Our professors had more to say than Scripps students did, further protesting by not walking at graduation. I'm glad they did. Granted, their last paragraph gave me some concern as they seem to be asking for more input into the selection process and it's always been the senior class' choice, thus giving us more control over who represents us. As a rising senior, that gives me some concern. But overall, they clearly know what they are talking about. While there is support from the other disciplines, several of the professors are in disciplines in which this is what they study, write about and teach. I want to hear their professional opinions on the issue. In fact, I wish more Scripps students had actually publicly given their opinion, rather than attempting to keep it private.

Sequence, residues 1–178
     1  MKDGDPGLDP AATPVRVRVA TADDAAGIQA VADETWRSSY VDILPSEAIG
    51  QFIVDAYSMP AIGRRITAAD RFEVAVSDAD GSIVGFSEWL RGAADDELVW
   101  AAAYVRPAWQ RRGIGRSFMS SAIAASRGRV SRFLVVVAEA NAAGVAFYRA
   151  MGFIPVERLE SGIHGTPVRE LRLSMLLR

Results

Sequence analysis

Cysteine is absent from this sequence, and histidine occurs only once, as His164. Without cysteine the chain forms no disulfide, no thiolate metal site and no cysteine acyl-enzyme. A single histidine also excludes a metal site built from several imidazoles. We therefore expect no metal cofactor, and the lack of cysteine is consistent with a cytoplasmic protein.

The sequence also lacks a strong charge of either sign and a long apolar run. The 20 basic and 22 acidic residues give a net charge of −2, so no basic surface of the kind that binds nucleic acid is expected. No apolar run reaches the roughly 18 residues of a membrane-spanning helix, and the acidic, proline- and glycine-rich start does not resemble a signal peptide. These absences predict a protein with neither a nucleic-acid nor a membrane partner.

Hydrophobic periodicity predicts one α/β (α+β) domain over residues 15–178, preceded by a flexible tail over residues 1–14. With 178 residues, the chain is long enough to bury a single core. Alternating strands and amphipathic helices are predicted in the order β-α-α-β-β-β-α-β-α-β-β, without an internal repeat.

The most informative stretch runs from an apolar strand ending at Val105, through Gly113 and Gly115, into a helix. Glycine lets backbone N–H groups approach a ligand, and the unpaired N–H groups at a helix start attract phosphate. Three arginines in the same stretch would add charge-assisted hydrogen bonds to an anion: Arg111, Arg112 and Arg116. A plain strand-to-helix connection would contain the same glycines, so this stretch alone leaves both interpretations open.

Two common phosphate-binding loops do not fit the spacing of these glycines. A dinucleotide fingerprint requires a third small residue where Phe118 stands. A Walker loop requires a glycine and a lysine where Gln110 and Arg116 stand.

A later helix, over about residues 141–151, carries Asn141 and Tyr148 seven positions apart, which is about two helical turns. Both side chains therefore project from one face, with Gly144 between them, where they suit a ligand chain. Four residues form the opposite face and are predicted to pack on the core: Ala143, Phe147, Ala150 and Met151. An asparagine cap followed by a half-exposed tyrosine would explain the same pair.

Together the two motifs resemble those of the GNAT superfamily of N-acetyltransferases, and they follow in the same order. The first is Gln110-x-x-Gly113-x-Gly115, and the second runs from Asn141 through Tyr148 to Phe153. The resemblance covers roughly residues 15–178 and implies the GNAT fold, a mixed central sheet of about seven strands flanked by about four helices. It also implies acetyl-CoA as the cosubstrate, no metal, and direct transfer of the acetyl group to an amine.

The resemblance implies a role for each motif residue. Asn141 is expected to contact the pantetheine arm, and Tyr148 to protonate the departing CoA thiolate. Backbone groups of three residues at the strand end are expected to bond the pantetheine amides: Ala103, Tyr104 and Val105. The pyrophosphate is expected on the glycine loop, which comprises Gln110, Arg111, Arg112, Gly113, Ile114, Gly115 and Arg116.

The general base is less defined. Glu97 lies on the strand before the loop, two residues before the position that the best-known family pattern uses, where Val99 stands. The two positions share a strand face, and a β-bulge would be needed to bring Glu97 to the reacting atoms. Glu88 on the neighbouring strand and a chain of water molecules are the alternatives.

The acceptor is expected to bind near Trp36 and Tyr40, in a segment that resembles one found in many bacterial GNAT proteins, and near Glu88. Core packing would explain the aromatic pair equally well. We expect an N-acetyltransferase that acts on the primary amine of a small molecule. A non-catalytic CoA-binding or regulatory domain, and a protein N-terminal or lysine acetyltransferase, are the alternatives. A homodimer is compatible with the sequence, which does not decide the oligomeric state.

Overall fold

One question you might still have is what my personal opinion on having Madeleine Albright speak is. Well, for one, I'm not graduating this year, so I'm far more concerned about who will speak to me next year than who is speaking at an event I didn't attend this year. Second, I'm not a politics major. I don't fully pay attention to the politics of a former Secretary of State, which is why I'm glad the Scripps students who are passionate and knowledgeable in politics let us know what we were in for. And even without following politics closely, I know America is founded on free speech and diversity of ideas. So instead of trying to suppress college students by painting them as radical, entitled millennials, why not be happy that we understand our right to free speech, that we are using the analytical skills and wisdom we went to college to gain, and that we are our own independent individuals, capable of speaking our mind, thinking clearly, and living courageously, confidently and hopefully?


Congratulations class of 2016!

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This article has not been reviewed by Odyssey HQ and solely reflects the ideas and opinions of the creator.